Interview with Youssef Hisham: Nobody owns the truth

Youssef Hesham stands out as a promising young director with an natural talent and a tendency to raise questions rather than answers. His first feature length film, Lamh el-Basar (The Glimpse, 2009), was awarded the jury’s special prize at the Alexandria International Film Festival in 2009. 

An Korb (Extreme Close Up, 2005) and Akbar Al Kabaer (The Greatest of Sins, 2007) are among his short films that focus on the theme of truth and relative knowledge.


An Korb explores the idea of authority through a character who is always watching and judging others. “There is a hierarchy, which is expressed trhough ‘Ali’ who feels superior by watching other people and knowing their secrets,” explains Hisham. Others in the film also feel superior by achieving financial prosperity or by simply accruing more knowledge.

Akbar Al Kabaer is based on renowned novelist Youssef Idris’s short story portraying a married couple’s troubled relationship. The husband neglects his wife’s sexual and emotional needs in his quest for a humble and conservative life. Meanwhile, a young peasant uses the wife to fulfill his own sexual desires.

Hisham comments on how people maintain appearances that do not match their internal reality, how men in the village will sit for hours debating how their wife’s should dress modestly, instead of addressing both of their sexual needs. “People can view things from a very narrow angle,” says the director. “God did not created us to be preoccupied with such trivial matters (i.e., dress codes and appearances). There is a bigger picture of the universe and we are just a dot in it.”

Hisham’s first feature film probes a similar theme. Lamh el-Basar, based on Naguib Mahfouz’s short story Al-Leqaa (The Meeting), follows a young man’s trip to the city where he falls for the temptations of an older stranger, who turns out to be his future father-in-law.

“I only raise questions,” insists Hisham. “In the end I do not want to replicate what the Egyptian audience is accustomed to: a close up on the face of the lead actor spilling out the moral of the film. I do not have to offer answers, I can raise question.”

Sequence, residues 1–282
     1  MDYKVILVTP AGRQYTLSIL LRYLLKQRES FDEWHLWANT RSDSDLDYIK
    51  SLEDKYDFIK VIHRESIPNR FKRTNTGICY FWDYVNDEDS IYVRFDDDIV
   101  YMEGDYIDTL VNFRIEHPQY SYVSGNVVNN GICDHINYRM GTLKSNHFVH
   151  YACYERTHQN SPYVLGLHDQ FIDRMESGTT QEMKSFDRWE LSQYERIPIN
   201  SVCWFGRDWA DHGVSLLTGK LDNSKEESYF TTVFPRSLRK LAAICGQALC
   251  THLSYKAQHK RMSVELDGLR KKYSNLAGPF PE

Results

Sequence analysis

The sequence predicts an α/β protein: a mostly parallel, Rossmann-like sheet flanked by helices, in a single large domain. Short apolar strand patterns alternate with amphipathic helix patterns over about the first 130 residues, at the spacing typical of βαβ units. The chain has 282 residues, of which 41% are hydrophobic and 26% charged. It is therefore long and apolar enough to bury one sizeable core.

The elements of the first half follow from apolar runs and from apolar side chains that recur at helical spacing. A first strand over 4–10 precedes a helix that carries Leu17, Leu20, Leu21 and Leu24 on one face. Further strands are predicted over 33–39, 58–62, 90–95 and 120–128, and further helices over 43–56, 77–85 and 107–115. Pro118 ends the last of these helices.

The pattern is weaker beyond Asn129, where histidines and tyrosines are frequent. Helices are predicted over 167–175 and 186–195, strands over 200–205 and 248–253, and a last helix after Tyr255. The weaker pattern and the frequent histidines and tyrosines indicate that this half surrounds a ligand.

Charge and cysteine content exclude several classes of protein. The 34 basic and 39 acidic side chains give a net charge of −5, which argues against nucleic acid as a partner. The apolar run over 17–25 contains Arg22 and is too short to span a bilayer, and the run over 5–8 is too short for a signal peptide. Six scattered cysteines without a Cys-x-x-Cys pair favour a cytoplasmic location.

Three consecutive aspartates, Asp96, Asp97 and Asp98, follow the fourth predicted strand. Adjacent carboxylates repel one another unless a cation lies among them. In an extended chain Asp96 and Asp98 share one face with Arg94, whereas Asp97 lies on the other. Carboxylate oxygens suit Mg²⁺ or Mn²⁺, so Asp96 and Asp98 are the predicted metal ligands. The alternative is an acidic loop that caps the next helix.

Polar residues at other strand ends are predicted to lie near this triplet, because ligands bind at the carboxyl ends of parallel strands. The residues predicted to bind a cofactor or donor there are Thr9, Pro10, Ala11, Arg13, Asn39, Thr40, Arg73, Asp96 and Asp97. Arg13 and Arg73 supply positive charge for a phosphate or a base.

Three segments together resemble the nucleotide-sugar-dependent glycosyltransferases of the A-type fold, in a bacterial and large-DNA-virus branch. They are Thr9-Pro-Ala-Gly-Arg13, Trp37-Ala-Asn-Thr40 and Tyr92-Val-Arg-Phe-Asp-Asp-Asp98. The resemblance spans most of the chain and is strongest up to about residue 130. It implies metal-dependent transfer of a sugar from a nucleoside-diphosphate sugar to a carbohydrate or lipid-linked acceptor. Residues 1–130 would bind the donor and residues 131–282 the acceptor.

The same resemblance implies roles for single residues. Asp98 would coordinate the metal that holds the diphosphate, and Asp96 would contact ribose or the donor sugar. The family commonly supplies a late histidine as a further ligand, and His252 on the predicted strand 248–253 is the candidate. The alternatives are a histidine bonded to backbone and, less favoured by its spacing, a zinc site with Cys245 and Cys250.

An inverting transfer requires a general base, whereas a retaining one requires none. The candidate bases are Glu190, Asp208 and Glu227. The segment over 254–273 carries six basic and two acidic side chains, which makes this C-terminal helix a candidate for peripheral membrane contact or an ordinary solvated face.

The jury prize at the 2009 Alexandria International Film Festival was not from Hisham’s first prize. The fresh cinema and media graduate of Misr University for Science and Technology has been given many awards in the past.

An Korb got the best script 2006, while Helm Stabl Aantar (Stable Antar’s Dream) was chosen as the best documentary film by The National Film Festival in 2007. Hisham was also selected as the best director by the French Cultural Center the same year, and was awarded for his short feature film Akbar Al Kabaer.

Having directed short indy films and long commercial features, Hesham sees the best of both worlds. “In independent cinema the constraints are financial, while in commercial cinema, producers can be problematic. In the end they each come in packages and you have to take them with their pros and cons,” he says.

“However, our main problem with the short films in Egypt is that nobody archives them,” adds Hisham. “On the other hand, nowadays I see so many low quality short films and they blame it on the budget but I am talking about the idea of the film, that does not need a budget.”

Hisham acknowledges that curretnly there are many opportunities as independent short films get much more exposure, awards in national festivals, and production opportunities from the National Cinema Center, even if their directors are not graduates of the High Cinema Institute.

“I am quite optimistic about the current state of Egyptian cinema,” boasts Hisham insisting that there were three Egyptian films featured  at the Venice Film Festival in 2009. He concludes with a few observations to support his opinion: Each new film reflects a new idea or theme. Films are being broadcasted on numerous satellite channels. This year prominent directors like Youssri Nasralla, Dawood Abdel Said and Ossama Fawzi are making movies. The Ministry of Culture produced The Voyager starring renowned actor Omar Sharif with director Ahmed Maher. And, last but not least, the movie theater are always crowded.

Related Articles

Back to top button